Mothers, Sons and Potential Girlfriends
I have been working in an office for almost a year now, and everyone I work with and for is a good bit older than me. I am 25 and the youngest person, other than myself, is 40; everyone else is 55 and up. I happen to be dating around right now, and one of the women I work with has a son who is 21. He came into the office to use our copy machine, and we started talking. I assumed he was gay, but later in the week the woman I work with asked if it would be all right for him to Facebook friend me and get my number, because he wanted to take me to dinner. I said that I was kind of dating someone but am always open to new FB friends, because I didn’t want to be rude. He is cute, and I’m super into dating everyone right now. He and I have started texting a bit, and he’d like to hang out.
I don’t technically work for this woman; I work for her bosses, but she does order me around a ton. Prior to this she has been the biggest challenge for me in the office, because she treats me like a child and is generally a rude and abrasive person. This has changed a little bit since her son asked for my info. Should I pursue this? Is this just too strange to be normal? Is it OK to date a 21-year-old if I am 25? If I do date this guy and it doesn’t go super well, will she just get worse? I am trying to be very careful about this, but I also don’t want to ditch out on a potentially interesting guy for dating or friendship purposes, just because his mom tries to run the office.
I should also add that this job isn’t my end-all-be-all. I will soon either be quitting to go to grad school, or I will be working at the office during the day and attending grad school at night, so I don’t see my future at this particular office. Should I go for it? Should I even consider dating someone that much younger than me? Should I mix business and pleasure? What if he’s a weirdo or we just don’t have chemistry, and she gets even more intense? If I don’t give him a chance will she be irritated by that? I’ve never been in a situation like this before. Rhonda, please help me navigate! Thanks!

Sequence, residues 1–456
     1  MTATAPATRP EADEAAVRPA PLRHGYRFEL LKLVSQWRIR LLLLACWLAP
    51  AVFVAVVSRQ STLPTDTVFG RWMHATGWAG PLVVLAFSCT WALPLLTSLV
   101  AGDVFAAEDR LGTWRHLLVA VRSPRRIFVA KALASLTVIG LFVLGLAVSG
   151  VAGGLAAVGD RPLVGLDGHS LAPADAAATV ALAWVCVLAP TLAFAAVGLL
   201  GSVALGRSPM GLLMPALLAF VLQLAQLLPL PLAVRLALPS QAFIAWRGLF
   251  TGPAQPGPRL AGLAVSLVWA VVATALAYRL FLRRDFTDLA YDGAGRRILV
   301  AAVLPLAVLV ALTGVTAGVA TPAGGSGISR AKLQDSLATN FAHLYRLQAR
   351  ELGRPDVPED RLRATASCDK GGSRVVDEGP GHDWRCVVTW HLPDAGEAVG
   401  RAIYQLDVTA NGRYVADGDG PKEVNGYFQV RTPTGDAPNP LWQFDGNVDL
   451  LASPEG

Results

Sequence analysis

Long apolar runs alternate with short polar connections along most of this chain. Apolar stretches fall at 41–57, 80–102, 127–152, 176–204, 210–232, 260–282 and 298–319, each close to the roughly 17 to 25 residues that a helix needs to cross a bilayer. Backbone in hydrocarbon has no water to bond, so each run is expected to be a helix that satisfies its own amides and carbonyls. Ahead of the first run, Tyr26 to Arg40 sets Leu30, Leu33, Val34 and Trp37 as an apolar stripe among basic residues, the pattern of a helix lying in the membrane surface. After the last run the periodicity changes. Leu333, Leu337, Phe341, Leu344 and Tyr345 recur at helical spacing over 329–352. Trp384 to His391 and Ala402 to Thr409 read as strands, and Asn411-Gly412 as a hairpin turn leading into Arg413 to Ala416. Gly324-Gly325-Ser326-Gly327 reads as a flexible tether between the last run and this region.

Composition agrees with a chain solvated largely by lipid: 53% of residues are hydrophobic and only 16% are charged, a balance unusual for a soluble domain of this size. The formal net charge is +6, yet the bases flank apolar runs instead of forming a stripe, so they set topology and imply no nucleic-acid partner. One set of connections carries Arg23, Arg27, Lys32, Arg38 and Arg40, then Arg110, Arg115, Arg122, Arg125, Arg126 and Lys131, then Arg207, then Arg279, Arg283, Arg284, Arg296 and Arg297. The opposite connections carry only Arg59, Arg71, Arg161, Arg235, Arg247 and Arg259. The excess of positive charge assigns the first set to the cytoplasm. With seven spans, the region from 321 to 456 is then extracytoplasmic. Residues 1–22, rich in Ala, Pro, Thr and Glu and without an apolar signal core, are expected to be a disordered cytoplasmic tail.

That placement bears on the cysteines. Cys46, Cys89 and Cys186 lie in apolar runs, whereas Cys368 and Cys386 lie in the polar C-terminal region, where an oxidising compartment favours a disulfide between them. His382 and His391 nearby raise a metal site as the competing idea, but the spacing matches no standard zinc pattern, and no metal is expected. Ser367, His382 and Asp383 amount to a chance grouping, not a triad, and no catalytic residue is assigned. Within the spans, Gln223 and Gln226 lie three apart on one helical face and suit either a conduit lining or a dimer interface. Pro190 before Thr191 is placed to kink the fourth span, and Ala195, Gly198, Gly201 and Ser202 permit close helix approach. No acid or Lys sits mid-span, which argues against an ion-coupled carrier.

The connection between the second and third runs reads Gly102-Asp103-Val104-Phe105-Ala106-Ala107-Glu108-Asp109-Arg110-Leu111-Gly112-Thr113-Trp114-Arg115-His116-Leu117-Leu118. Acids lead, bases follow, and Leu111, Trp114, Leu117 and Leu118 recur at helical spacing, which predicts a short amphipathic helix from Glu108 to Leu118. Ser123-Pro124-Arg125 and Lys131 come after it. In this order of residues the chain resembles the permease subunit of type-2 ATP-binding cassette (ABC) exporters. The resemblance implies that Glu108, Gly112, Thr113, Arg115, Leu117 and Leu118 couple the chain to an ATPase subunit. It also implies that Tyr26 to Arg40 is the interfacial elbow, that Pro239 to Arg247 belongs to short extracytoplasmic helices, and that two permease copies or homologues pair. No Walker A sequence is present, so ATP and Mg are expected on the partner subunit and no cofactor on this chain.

Business and Pleasure
Career Advice: You say this job isn’t going to be your career, but it’s already on your résumé. Even if you pursue work in an entirely different field, you will still need to account for the time you’ve spent there. You also need this job to pay the bills for some time to come. Don’t jeopardize your references or your income because you’ve decided this job doesn’t matter.
Dating Advice: Yes, you can definitely date someone four years younger. The question is really what stage of his life he’s in right now. If he’s in college and you’re working, the age difference will seem enormous. If he’s working, though, it will be a different story. Since you’re dating a lot of different people and it doesn’t sound like you have great expectations for this relationship, I don’t see any reason—strictly from an age standpoint—not to give it a shot.
On the question of mixing business and pleasure: Some amount of personal-professional cross-contamination is inevitable. It’s also desirable. You spend at least eight hours a day at work, so it will naturally be a place where you meet people—coworkers, clients, business partners, etc. The idea that they must not, under any circumstances, become your friends or know about your personal life is unnecessarily limiting. There’s room for some personal/professional overlap if you go about it in a circumspect way.
My concern is that your coworker will know more than you want her to about the relationship. Does he live at home? If so, she’ll always know if and when he comes home; she’ll have the opportunity to ask how things went, and so on.